Why did I get so angry?
By: Hector MacPherson
I have asked myself that very question after the fact, after I said words that could not be taken back and feelings that were now hurt. It is normal and natural to be angry at times. Anger is, in many ways, a signal that we are feeling threatened – physically and/or psychologically. We might perceive a physical threat such as when some unknown person approaches too closely, you feel a need to step back or to prepare yourself for the unknown. It might be that someone has threatened something of high value to you, such as your credibility in front of your peers at work. Whatever the event the brings about an angry response, a key component to effectively understanding anger is knowing when the threat is fact or fiction and is your response directly linked to the event or more about something else that you are either not aware of or not willing to admit to yourself.
If you have not heard the very short story called “Nails in the Fence” you can find it here it is a simple story with a great message – that words said in anger will leave its mark no matter how many times you say sorry.
Anger it not necessarily a problem, unless:
- It is happening often and with unusual intensity or you simply ‘shutting down’ emotionally
- It has begun to affect your relationship with your family; perhaps your kids are now too afraid to say anything to you for fear of setting you off
- It is negatively affecting your work performance and attitude towards your environment and colleagues.
- You are feeling more aggressive and actually acting this out with those around you – both work and home
- You find that you are drinking more or using some other means to distract yourself from what is going on in your life.
Everyone has a different anger response, but essentially, there will be those who act out towards their environment and those who will suppress whatever response they feel. Neither will make for a very happy life.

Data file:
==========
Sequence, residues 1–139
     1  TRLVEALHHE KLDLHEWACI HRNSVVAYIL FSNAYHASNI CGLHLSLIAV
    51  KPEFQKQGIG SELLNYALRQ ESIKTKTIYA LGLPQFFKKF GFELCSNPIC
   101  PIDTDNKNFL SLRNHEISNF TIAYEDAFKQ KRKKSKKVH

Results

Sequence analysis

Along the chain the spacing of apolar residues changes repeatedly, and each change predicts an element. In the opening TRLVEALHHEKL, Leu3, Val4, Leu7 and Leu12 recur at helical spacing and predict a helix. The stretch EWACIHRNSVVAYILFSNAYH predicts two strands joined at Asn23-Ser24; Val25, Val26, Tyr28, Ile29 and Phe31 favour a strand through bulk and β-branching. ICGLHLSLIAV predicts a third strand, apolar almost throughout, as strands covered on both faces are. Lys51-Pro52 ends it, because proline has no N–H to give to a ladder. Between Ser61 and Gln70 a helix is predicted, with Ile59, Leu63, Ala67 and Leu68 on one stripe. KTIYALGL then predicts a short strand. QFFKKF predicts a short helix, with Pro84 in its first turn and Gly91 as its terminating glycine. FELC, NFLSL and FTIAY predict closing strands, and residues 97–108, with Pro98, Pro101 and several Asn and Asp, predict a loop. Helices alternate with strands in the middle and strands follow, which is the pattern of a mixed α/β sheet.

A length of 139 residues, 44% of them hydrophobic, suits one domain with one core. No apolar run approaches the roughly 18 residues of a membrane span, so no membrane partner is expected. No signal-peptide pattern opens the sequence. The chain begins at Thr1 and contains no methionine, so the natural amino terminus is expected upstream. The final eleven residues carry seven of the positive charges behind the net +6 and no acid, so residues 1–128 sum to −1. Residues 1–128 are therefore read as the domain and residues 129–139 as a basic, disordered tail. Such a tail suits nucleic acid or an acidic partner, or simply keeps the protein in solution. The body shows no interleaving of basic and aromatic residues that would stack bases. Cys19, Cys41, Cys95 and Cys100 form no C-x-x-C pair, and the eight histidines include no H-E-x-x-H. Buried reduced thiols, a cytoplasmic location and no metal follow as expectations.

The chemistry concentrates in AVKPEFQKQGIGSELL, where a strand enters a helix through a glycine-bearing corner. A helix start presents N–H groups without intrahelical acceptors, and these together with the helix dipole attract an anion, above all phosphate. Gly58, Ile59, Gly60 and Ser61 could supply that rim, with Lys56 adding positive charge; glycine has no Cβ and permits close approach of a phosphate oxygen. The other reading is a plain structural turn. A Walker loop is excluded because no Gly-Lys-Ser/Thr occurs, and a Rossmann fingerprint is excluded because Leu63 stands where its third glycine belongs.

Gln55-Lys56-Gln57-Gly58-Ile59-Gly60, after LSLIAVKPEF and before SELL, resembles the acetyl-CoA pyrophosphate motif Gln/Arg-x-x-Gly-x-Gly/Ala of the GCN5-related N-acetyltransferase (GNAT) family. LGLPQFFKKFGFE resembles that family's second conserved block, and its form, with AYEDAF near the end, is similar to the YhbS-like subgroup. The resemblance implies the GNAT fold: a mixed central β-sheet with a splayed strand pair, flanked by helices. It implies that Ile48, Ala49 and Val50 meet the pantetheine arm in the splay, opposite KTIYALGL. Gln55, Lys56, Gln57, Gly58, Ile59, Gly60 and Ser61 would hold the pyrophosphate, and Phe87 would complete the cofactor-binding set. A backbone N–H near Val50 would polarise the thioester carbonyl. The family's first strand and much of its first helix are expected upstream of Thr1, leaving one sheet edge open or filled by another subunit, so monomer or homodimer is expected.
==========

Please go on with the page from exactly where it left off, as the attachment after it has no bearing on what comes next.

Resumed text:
What are your triggers?
You cannot change what you do not know, thus, awareness is the key. So what is it that makes you angry? Is it something you do; something others do, either to you or around you; or are there certain, specific situations that can trigger you? To get some insight on your triggers simply be aware of when you get angry and as soon as you can write down the triggering event, your associated thoughts, your feelings, and any other information around the event. If you find yourself getting or feeling angry often you will have some good data in less than a week. Then you can begin to understand the origins of your anger and strategies to help you manage the triggers more effectively for you and those around you.
In the process ask yourself what did you see when you parents encountered a frustrating event. What did you see when they were angry? What were you taught or what did you learn over time on how to resolve differences? What are you like when you see someone else being angry?
All this information will be very helpful in understanding more about your anger response and then you can begin the work to make things better in your life.
One last thing about anger …..it can slowly kill you!
Not to sound too dramatic but there is significant research on the physiological changes in your body when you are angry and how, if over prolonged time, such reactions can lead to increased risk of heart disease.
It is the physiological reactions associated to the ‘fight or flight’ syndrome we inherited from our caveman days. When your body encounters a threatening situation many things occur automatically including the release of stress hormones that can cause a build-up of fatty plague on your artery walls. The body is getting ready to fight or run for its life, so many things occur to help ensure survival. (for more detail see here)
Close cousins to anger are stress and anxiety. It is not uncommon for a person who is experiencing persistent high levels of anger will also experience other chronic negative emotions. All of this combined can contribute to poor health, nutrition, and physical health. It can become a vicious cycle if not resolved.
There is always a solution
If you are experiencing chronic anger you have not been the only one. There is a reason why it is happening and there are proven ways to help you resolve the issues permanently, or at minimum, understand how to effectively manage future occurrences.